Regulator Directs DISCOMs to Pay ‘Change in Law’ Dues to Solar Developers
SECI payment to developers not contingent on DISCOMs payment to SECI
The Central Electricity Regulatory Commission (CERC) has directed distribution companies (DISCOMs) to compensate solar developers for incremental impact due to the imposition of safeguard duty and associated ‘carrying costs.’
It also directed two solar developers and the Solar Energy Corporation of India (SECI) to reconcile the extent of incremental impact by exhibiting a one-to-one correlation with the projects and the invoices raised in support of it.
SECI will receive the due amount from DISCOM, which will then be transferred to the developers.
However, payment to the developers by SECI would not be conditional upon the payment to be made by the DISCOMs to SECI.
Azure Power Forty One and Azure Power Maple had filed petitions with CERC seeking the declaration of the imposition of safeguard duty as a ‘Change in Law’ event per the provisions of the power purchase agreement (PPA).
Azure Power Forty One and Azure Power Maple are developing solar power projects of 300 MW each in the jodhpur district of Rajasthan.
The developers had executed PPAs on September 17 and November 27, 2019, with SECI for the sale of 300 MW of solar power each.
The actual commercial operation date was achieved by Azure Power Forty-One on March 8, 2022. In contrast, Azure Power Maple achieved the actual commercial operation date for 53 MW capacity on February 14, 2022, and the commercial operation date for 204 MW was achieved on March 30, 2022. The remaining 43 MW is yet to be commissioned by Azure Power Maple.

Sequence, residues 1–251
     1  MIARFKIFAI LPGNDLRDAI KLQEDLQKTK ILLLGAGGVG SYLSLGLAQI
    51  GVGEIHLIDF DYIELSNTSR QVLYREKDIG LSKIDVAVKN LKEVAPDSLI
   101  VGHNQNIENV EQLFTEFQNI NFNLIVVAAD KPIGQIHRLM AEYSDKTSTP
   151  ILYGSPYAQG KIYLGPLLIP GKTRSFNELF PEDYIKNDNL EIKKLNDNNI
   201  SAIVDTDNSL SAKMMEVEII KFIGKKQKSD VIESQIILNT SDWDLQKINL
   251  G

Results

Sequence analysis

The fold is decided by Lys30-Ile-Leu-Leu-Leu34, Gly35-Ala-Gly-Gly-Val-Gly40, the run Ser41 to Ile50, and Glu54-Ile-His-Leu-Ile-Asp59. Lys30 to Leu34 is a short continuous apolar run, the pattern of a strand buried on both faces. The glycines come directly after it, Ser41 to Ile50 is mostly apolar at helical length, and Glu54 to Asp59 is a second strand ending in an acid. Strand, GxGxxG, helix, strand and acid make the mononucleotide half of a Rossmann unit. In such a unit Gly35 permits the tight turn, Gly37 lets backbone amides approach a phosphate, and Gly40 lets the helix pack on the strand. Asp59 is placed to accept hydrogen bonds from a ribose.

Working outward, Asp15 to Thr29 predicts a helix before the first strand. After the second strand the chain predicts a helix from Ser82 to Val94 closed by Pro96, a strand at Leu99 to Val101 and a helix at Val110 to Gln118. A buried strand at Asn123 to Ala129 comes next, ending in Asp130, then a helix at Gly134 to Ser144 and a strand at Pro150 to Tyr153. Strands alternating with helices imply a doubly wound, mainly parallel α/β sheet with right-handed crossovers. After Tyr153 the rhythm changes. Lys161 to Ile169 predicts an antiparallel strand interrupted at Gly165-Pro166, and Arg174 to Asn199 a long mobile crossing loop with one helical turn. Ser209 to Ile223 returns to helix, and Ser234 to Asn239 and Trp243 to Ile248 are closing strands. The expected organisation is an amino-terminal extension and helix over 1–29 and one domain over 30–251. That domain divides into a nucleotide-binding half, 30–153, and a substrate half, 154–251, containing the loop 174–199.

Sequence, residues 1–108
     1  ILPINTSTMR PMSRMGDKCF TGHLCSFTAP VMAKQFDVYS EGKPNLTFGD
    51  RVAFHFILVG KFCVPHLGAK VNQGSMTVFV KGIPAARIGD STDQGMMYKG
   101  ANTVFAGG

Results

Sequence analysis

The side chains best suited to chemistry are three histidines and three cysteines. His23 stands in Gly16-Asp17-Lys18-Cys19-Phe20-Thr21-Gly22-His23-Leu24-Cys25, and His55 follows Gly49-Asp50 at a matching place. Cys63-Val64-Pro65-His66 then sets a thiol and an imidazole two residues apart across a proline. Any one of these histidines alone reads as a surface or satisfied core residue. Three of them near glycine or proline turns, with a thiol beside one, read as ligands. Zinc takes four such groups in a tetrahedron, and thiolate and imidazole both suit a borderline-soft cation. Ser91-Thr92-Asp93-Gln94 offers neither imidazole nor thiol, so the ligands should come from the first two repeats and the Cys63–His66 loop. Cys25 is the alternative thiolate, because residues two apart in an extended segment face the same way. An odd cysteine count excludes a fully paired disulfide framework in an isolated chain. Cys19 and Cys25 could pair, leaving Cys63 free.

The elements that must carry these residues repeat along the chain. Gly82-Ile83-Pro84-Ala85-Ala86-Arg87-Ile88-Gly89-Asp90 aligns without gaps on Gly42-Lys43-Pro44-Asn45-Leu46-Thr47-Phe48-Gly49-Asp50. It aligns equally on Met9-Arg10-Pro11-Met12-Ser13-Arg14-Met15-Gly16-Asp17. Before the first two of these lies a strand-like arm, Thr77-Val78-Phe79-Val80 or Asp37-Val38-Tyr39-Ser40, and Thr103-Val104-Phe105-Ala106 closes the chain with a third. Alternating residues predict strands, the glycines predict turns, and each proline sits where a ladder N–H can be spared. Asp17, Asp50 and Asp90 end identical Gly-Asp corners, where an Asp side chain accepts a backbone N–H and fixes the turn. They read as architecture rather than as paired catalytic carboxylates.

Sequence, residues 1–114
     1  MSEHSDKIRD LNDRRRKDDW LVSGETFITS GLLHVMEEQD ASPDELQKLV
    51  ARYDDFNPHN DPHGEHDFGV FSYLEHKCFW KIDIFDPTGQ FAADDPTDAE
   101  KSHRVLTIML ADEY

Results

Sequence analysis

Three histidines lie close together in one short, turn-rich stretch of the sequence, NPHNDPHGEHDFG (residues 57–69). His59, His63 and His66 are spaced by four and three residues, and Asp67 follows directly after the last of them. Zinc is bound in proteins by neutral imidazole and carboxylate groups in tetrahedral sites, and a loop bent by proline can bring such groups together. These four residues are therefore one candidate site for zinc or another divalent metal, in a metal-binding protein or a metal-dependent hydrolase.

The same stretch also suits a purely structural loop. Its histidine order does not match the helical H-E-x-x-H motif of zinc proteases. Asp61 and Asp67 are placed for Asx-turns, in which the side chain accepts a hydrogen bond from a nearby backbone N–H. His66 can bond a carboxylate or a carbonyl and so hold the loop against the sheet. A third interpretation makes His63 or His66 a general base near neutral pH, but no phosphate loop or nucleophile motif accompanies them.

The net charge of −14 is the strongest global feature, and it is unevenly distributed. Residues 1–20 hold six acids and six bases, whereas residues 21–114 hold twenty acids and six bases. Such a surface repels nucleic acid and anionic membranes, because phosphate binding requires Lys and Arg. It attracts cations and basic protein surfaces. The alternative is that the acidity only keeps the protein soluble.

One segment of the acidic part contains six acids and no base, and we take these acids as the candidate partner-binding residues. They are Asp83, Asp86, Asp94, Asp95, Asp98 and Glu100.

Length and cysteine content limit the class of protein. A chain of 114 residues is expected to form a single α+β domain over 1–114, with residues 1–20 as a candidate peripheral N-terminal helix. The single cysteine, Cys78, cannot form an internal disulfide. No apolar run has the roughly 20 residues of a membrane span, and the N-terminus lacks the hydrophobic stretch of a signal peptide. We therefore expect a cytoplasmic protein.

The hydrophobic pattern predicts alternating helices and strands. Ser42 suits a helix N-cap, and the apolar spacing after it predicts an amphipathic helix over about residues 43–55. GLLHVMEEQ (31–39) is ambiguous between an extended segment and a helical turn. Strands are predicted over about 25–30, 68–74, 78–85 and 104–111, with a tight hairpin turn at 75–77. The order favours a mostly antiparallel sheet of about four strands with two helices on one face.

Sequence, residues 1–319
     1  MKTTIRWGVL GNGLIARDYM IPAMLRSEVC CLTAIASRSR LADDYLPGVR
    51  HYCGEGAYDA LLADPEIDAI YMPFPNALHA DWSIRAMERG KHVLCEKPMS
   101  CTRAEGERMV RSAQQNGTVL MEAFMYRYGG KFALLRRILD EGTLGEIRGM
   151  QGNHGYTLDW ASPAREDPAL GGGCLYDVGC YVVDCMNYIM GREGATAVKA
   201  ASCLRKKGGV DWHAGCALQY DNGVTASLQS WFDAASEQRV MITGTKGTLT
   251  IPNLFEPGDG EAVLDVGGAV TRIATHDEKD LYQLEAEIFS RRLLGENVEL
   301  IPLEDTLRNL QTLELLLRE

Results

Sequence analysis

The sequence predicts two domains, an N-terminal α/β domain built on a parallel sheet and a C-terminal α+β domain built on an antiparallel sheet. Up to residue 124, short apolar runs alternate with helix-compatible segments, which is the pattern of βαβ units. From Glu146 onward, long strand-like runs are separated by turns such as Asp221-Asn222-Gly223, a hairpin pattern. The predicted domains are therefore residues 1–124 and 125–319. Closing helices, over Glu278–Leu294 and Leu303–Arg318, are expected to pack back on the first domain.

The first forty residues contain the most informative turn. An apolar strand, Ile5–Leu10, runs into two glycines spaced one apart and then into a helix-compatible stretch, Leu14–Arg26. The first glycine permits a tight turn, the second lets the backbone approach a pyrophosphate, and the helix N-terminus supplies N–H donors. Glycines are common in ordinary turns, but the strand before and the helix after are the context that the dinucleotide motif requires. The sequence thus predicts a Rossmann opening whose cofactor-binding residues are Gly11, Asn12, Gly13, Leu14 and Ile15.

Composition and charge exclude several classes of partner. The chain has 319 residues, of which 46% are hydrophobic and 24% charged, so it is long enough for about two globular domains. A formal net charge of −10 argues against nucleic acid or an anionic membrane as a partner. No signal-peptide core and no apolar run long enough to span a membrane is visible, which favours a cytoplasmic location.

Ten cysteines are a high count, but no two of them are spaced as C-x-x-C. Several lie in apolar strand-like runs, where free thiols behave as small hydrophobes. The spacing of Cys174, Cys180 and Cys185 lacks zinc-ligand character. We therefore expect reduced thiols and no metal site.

The developers submitted that the safeguard duty notification was a ‘Change in Law’ event as it had occurred after the bid submission date and had resulted in the developers incurring additional expenditure as envisaged before the bid submission date.
The developers noted that the essence of the ‘Change in Law’ clause was to restore the affected party to the same economic position as if the said ‘Change in Law’ had not happened.
SECI, in its response, said it was just after the expiry of the effective period of safeguard duty imposed through the previous safeguard duty notification dated July 30, 2018, i.e., on July 29, 2020. The imposition has therefore been in continuity.
SECI added that if the Commission decided that the imposition of safeguard duty was a ‘Change in Law’ event, the Commission must issue directions to the DISCOMs to make payment, toward the evaluated claims of the safeguard duty payable by SECI to the developers, on a back-to-back basis under the power sale agreements (PSAs).
The Commission noted that the safeguard duty notification was promulgated on July 29, 2020, after the acceptance of the bid submitted by the developers. Hence, the imposition of safeguard duty was a ‘Change in Law’ event under Article 12 of the PPA.
Further, the state regulator added that the developers had achieved the actual commercial operation of the projects in February 2022 and March 2022, much after the safeguard duty notification 2020. Therefore, applying the principle decided by it in its earlier order, there cannot be any higher rate of return than the prevailing normative cost of debt. Hence, the Commission allowed an interest rate of 9% and an annuity period of 15 years.
Also, the Commission noted that the developers were entitled to the grant of relief in terms of ‘carrying costs’ on account of the impact due to the ‘Change in Law’ event. However, the directions concerning ‘carrying costs’ would not be enforced and will be subject to further orders of the Supreme Court in the case of Telangana Northern Power Distribution Company and Parampujya Solar Energy.
In August last year, CERC had ruled that a solar developer was entitled to compensation for the additional expense incurred due to the imposition of safeguard duty. The Commission had clarified that the imposition of safeguard duty constituted a ‘Change in Law’ event.
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